This would be amusing if it wasn't so serious. But there is a lot at stake here. These reforms were introduced in response to a catastrophe for Australia's investors, a catastrophe for normal investors who were following the advice of financial planners. Tomorrow is the fifth anniversary of the collapse of Storm Financial. What an arrogant sense of irony it takes for this government to rip up changes to financial laws that provide protection to ordinary investors right across the country on the fifth anniversary of the collapse of Storm Financial. It was not just Storm Financial that led the previous government to make these changes. There was Trio. The member for Cunningham and the member for Throsby, in particular, remember the damage caused to their communities by the collapse of Trio. The Minister for Finance indicated before the election that he would consider compensation for those people.

Ms Bird interjecting

Mr BOWEN: In fact, they are going the other way, as the member for Cunningham correctly points out. We had the collapse of Westpoint, based in Western Australia, in which 4,300 investors, primarily Western Australians lost $310 million. Why were they investing, by and large, in Westpoint? Because their financial advisers told them it was a good investment—they advised them to invest in Westpoint.

Why would anybody advise that an investment in what was in effect a Ponzi scheme was a good idea? The commissions being paid for the advice to invest in Westpoint amounted, on average, to 10 per cent of the amount invested. This government thinks that is just fine. This government wants to bring back laws which will enable that to happen, and that is nothing short of a disgrace. In the Westpoint case, ASIC concluded that advisers had 'negligently advised Group Members to invest in certain Westpoint products and engaged in misleading and deceptive conduct.' The vast majority of Australia's financial planners are very professional people who give very good advice. But, Australian consumers deserve protection from those who are not. The Prime Minister, in response, said on 17 March:

It is a given of ethical practice if you are a professional that you are taking the best interests of your client, your patient, your customer into account and regulatory burdens around what are ethical givens are, I think, a classic case of regulatory overkill.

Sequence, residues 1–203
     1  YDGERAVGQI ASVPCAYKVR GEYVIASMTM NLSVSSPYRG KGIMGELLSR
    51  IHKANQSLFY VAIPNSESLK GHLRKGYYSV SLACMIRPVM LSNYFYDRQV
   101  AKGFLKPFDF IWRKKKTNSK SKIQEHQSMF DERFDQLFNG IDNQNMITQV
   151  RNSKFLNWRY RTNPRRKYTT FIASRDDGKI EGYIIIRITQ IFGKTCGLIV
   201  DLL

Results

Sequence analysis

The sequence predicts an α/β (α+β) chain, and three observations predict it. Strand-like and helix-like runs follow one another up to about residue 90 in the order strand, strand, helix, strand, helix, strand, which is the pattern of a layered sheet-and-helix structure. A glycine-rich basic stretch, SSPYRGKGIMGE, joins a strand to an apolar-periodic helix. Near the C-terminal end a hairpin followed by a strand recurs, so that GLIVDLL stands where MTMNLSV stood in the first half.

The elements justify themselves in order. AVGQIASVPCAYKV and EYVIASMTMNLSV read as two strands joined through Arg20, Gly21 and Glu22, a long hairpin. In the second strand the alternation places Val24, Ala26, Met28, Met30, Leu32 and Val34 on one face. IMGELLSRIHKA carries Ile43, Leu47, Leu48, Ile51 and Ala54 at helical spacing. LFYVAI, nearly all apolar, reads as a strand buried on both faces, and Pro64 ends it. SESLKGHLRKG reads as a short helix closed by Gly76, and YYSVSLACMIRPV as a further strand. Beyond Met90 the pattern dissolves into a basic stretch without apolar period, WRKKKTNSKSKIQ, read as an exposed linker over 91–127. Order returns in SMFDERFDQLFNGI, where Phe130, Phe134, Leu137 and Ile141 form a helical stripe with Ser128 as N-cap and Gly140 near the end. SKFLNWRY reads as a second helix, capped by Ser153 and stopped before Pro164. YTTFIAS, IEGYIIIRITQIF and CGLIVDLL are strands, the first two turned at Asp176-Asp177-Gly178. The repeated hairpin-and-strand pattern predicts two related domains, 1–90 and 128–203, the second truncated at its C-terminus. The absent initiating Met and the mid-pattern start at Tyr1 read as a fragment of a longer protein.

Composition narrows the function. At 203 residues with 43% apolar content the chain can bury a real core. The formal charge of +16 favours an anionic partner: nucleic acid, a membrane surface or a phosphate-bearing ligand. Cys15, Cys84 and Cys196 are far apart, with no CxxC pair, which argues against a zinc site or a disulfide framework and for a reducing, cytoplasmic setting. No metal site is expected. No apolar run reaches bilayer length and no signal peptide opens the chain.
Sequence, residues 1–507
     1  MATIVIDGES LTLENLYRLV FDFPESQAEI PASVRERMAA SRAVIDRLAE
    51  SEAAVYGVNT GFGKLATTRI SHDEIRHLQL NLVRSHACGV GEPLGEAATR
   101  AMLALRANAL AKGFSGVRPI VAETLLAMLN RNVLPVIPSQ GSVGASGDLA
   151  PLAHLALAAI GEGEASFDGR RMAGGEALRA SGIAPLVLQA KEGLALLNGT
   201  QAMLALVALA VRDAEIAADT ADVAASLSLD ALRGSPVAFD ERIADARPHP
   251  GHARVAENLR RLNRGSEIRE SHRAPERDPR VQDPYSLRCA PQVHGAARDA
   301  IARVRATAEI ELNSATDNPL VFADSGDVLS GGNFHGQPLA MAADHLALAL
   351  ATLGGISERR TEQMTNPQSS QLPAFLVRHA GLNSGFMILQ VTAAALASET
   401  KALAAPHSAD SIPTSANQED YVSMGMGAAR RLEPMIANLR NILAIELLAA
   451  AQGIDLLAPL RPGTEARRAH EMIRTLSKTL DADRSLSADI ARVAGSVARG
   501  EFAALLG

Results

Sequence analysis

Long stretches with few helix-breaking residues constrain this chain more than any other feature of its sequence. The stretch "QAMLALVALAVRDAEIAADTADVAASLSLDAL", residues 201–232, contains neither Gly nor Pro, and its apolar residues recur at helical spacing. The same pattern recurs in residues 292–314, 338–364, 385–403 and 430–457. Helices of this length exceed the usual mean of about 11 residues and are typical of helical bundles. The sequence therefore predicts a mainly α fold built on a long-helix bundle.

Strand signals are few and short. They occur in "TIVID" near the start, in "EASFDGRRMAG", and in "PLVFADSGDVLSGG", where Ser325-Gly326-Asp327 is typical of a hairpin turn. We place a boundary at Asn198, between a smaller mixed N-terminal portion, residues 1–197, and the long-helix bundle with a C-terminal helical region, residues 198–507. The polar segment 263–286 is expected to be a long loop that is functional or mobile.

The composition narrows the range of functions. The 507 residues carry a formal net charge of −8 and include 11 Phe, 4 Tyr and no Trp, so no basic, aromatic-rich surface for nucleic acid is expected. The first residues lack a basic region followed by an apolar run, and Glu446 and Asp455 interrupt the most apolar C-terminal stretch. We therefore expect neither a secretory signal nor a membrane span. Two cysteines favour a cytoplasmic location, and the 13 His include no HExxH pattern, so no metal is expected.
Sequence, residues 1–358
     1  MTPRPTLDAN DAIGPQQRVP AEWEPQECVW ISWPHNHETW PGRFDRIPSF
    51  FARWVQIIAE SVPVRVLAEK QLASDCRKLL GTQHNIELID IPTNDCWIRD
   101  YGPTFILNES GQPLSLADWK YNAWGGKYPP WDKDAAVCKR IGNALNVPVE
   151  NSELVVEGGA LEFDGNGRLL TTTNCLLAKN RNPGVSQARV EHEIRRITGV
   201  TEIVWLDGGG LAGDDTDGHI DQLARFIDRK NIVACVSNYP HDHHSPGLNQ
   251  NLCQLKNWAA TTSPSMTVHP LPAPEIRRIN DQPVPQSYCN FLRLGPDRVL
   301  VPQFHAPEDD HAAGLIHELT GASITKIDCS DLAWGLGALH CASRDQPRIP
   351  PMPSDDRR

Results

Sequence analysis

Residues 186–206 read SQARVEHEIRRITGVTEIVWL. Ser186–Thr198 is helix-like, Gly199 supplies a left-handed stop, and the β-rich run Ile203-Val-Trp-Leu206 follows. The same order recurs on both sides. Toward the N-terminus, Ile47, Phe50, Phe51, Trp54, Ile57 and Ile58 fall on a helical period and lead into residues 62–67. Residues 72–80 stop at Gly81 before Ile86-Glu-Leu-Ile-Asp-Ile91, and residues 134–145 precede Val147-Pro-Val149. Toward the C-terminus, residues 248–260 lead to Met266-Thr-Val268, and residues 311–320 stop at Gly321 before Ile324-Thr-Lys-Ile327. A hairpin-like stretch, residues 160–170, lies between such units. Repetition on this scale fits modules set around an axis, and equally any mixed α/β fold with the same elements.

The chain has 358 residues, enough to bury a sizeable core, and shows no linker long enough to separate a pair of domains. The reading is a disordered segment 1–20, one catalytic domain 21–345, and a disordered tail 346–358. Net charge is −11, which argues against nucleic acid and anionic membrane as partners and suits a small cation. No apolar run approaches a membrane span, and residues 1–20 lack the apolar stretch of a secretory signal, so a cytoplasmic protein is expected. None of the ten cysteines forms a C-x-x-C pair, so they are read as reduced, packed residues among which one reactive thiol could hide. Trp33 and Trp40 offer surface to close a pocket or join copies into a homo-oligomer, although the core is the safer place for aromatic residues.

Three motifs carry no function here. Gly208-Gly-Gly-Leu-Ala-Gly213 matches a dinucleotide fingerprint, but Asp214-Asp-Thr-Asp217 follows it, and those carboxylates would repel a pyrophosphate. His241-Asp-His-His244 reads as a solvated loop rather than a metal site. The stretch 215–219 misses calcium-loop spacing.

Well, the Prime Minister should face the victims of Trio, the victims of Westpoint and the victims of Storm and tell them that this is regulatory overreach; tell them that these reforms go too far. They know, more than anybody else, why these reforms were introduced and they know why this government is wrong. When you have a government which has got it so wrong that the Financial Planning Association, Choice and National Seniors have all said they have gone too far, then they know that they have a problem. Choice CEO Alan Kirkland said:

It’s important to remember that the need for widespread reform followed the catastrophic effects of major financial advice scandals … These are the problems that FoFA was designed to fix, and we urge the Government to reconsider its changes.

Michael O'Neill, National Seniors Australia CEO, said:

If cutting red tape means creating a murky environment in which the hard-earned savings of working Australians end up in the hands of financial advisers, you can leave it

People are onto this government. What is particularly galling about this government's approach is the dodgy and sneaky way they have gone about doing it. There is a way you can change the law in Australia and it is called the parliament—you introduce legislation, you go through a parliamentary process and you put the legislation before a committee. What did the former Assistant Treasurer seek to do? He tried to introduce these changes by regulation and, what is worse, he was proposing to introduce the regulation on a Thursday afternoon, after the House had risen, and the parliament could not disallow it for six weeks. What a dodgy and sneaky way to go about the administration of this nation.

It is just as well that the Minister for Finance has stepped back and paused these reforms. If the Minister for Finance thinks that he can get away with putting off these reforms off until 5 April and continue their dodgy and sneaky approach and mislead the people of Western Australia, he is wrong. (Time expired)